The federal heritage minister announced Wednesday the federal government will give $945,000 over two years to help pay for upgrades to Halifax's Neptune Theatre.

"By investing in the theatre we will make sure they continue to create great work for many years to come," said Mélanie Joly.  

Nova Scotia Premier Stephen McNeil said the province will also provide $100,000 for the renewal project.

"We're thrilled to continue to support Neptune," he said. 

The province gives the theatre $240,000 in operating grants every year.

Heritage Minister at Neptune Theatre

Heritage Minister Mélanie Joly opened the government's wallet on Wednesday to help pay for renovations at Neptune Theatre. (Pam Berman/CBC)

Neptune is in its 55th season and is the largest professional theatre in the region. It employs 400 people and contributes $7 million to the local economy every year.  

The federal and provincial money, along with private donations, will be used to modernize the lighting and sound equipment, replace the seating and upgrade the box office.

"Our systems are so old that we can't repair them with existing parts, they have to be manufactured," said Rebecca Hiltz LeBlanc, president of the Neptune Foundation.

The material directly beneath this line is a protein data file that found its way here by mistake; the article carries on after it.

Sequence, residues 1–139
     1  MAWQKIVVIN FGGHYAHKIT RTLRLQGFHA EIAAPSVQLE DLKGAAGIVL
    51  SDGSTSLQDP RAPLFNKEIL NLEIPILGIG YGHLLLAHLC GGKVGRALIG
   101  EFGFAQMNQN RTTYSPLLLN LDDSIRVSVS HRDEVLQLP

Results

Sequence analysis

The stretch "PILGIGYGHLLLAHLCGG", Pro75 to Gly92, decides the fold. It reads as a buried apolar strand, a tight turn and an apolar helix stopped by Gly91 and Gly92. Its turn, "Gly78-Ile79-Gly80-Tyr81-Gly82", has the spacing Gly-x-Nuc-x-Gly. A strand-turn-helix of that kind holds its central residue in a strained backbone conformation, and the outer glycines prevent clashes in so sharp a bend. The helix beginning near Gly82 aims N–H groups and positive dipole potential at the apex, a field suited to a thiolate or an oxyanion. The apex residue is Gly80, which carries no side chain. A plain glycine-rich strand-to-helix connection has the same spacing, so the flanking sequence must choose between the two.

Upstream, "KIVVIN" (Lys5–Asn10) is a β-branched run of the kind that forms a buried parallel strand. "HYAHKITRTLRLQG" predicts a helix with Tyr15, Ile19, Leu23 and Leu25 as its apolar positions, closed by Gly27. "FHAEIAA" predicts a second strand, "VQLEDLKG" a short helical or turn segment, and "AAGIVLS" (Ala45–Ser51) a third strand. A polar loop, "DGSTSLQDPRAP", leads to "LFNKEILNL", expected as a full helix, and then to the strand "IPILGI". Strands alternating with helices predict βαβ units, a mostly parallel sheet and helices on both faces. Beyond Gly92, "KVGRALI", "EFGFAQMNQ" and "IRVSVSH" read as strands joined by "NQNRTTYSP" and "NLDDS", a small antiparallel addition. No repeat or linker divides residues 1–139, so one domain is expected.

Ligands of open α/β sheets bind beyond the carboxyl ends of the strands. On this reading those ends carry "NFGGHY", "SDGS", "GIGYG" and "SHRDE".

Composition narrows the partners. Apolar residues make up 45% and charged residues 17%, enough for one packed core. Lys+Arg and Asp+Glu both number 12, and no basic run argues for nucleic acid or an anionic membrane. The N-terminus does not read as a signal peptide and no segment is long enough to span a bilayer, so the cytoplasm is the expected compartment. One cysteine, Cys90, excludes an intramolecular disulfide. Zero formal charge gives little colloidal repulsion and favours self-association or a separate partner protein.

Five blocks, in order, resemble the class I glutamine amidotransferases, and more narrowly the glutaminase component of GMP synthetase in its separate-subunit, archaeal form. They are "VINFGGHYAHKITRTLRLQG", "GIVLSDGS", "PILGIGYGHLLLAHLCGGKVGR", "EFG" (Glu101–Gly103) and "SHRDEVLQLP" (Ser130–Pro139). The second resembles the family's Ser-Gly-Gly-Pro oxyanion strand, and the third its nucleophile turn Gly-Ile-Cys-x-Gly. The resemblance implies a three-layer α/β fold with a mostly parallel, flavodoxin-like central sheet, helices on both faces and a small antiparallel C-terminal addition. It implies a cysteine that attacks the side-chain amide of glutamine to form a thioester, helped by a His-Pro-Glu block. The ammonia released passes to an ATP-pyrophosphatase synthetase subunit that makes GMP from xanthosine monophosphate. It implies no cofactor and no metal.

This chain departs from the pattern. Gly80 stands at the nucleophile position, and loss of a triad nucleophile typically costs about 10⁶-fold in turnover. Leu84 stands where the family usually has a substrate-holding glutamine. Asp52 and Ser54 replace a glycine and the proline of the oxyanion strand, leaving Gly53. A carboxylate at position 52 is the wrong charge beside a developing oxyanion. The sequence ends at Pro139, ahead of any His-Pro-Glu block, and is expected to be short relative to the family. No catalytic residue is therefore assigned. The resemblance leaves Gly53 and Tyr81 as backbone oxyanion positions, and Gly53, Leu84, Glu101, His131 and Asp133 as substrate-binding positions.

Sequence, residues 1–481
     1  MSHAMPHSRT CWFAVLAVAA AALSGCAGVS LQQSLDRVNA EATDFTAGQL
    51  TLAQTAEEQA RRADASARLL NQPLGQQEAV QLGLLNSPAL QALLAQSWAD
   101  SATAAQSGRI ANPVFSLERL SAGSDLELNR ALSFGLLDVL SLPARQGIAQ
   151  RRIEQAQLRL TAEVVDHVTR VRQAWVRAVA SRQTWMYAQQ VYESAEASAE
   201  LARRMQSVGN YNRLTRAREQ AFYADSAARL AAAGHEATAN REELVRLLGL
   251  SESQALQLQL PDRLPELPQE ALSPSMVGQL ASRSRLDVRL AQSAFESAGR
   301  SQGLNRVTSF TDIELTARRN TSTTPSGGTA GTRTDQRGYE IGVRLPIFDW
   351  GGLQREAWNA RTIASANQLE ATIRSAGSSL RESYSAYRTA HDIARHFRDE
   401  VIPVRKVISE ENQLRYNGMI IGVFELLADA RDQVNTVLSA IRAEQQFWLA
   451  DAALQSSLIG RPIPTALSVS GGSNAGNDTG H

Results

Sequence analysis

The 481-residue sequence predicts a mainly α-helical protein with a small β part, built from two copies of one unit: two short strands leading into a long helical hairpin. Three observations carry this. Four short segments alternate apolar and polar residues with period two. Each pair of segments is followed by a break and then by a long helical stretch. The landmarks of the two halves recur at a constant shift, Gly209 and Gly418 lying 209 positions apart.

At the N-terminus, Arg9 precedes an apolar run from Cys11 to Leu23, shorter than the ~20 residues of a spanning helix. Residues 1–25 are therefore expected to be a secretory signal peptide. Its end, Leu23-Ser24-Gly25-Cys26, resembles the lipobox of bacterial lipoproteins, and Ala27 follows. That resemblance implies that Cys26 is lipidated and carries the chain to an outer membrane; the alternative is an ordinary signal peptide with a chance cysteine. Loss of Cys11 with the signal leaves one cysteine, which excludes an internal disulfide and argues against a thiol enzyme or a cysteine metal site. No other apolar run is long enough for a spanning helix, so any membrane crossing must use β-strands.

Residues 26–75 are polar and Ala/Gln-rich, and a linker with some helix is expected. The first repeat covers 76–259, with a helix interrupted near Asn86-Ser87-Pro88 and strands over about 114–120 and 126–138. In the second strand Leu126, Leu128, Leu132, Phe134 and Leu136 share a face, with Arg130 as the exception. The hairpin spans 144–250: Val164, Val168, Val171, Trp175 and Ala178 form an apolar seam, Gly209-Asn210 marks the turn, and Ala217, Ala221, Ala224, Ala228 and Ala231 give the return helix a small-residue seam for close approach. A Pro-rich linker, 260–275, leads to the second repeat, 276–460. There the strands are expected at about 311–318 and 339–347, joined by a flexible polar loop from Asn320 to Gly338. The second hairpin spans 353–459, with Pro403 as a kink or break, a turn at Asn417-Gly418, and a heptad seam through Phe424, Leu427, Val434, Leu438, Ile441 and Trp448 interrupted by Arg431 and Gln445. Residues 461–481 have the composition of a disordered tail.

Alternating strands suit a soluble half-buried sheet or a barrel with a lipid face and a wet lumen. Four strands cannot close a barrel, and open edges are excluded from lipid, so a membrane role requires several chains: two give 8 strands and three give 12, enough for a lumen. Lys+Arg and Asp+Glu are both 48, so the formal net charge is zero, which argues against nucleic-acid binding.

"The technology in the box office is so old it's a miracle any tickets get printed."  

Neptune theatre stage work

Workers at the theatre have been dealing with outdated parts and machines for years. A renovation will modernize parts of the building. (Pam Berman/CBC)

The marquee on the outside of the building will also be computerized and replaced with LED lighting. Renovations will begin this summer in the Scotiabank stage and then move to the main stage, Fountain Hall, next summer.

"So we still have to have a stage to work ... so one thing at a time," said Hiltz Leblanc.  

Neptune officials could not elaborate on the total cost of the renovation project because the specialized equipment is still being tracked down and the value of the Canadian currency keeps changing.